Ominously, the rate of food stamp participation in Massachusetts appears to be confirming the bad news. Nationwide, the start of an economic recovery is lowering the number of food stamp recipients slightly, but as of September — even before DTA’s launch of its redesign, the decline in Massachusetts is 7.3 percent — four times the national rate. It seems inevitable that DTA’s practices will only accelerate that decline when the numbers for the last quarter of 2014 come in.

So, what “flaws” at DTA should we remember as the legacy of the Patrick administration? Just the ones that suggested that the wrong people were getting help, or also the ones that demonstrated that the right people were not getting help?

The answer might depend on whether, as Governor Patrick has often said, we grow a backbone and stand up for what it is we believe.

Everybody Say Cheese – Update on Photo ID’s on EBT Cards

Update, December 23: The U.S. Department of Agriculture, which runs the food stamp program, last week stepped in to the controversy surrounding EBT card Photo ID’s, suggesting that the state’s welfare department had acted too hastily in putting a program into place:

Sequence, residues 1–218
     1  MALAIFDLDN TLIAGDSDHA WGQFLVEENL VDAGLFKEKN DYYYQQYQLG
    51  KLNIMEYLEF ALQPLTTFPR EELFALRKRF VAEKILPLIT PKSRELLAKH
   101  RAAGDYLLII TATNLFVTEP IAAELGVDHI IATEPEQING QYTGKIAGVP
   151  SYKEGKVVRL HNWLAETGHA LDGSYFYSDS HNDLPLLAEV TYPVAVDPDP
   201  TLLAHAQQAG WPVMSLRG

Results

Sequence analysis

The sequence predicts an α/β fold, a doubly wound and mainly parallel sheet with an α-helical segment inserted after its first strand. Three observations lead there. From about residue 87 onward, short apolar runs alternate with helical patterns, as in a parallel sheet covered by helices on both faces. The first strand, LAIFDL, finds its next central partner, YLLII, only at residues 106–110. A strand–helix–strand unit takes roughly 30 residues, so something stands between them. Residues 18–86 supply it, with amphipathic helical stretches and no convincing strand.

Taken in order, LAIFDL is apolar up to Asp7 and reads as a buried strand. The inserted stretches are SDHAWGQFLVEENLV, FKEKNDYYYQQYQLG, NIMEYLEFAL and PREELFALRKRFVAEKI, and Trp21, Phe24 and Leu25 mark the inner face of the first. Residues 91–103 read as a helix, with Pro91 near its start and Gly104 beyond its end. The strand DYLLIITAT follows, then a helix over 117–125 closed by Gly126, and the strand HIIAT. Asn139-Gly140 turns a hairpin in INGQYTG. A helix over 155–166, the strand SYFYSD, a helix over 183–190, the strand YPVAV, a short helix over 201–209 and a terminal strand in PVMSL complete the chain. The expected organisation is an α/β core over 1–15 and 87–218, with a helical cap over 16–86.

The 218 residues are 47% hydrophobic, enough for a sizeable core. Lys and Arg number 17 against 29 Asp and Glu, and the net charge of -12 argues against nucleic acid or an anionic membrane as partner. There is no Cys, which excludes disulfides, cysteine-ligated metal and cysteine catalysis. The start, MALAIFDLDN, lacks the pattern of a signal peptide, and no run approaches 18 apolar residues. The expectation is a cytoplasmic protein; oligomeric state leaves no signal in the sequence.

…the sheer volume of households potentially without access to their benefits suggests that DTA has pursued a rushed implementation of the [Photo ID] requirement without taking care to put adequate safeguards in pace for eligible, participating households.

The feds went on to ask the state to stop the Photo ID program temporarily in order to fix the numerous problems that are causing eligible households to have their benefits suspended. (Click on link to read their letter to the state.)